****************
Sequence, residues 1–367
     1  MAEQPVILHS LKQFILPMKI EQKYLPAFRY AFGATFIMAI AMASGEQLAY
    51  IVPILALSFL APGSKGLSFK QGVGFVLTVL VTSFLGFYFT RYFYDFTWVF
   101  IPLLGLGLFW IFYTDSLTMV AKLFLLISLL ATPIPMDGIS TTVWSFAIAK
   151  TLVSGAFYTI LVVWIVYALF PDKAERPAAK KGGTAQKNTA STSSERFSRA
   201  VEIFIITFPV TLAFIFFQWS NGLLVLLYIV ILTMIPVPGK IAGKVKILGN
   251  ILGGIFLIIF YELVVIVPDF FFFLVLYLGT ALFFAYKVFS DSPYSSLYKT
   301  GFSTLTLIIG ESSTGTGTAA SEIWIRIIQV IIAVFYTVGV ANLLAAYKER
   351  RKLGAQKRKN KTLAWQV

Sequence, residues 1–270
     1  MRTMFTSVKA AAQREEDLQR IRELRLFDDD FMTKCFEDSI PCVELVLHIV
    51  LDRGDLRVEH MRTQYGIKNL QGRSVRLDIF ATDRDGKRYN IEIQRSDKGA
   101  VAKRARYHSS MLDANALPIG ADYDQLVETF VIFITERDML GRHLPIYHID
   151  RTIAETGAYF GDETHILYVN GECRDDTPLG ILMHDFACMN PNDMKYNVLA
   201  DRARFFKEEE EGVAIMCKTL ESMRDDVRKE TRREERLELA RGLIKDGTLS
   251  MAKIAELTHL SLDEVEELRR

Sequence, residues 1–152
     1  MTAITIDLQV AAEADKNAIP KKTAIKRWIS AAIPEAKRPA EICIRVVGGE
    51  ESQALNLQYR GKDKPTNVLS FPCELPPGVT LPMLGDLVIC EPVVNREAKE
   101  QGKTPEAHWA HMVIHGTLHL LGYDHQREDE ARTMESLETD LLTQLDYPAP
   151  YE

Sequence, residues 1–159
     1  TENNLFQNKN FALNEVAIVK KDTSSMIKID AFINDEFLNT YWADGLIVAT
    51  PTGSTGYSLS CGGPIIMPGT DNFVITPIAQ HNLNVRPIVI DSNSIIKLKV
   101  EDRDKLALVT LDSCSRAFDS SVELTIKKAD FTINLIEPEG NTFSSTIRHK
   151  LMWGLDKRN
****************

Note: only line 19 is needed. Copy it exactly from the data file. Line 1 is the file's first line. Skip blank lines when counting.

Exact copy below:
    51  ESQALNLQYR GKDKPTNVLS FPCELPPGVT LPMLGDLVIC EPVVNREAKE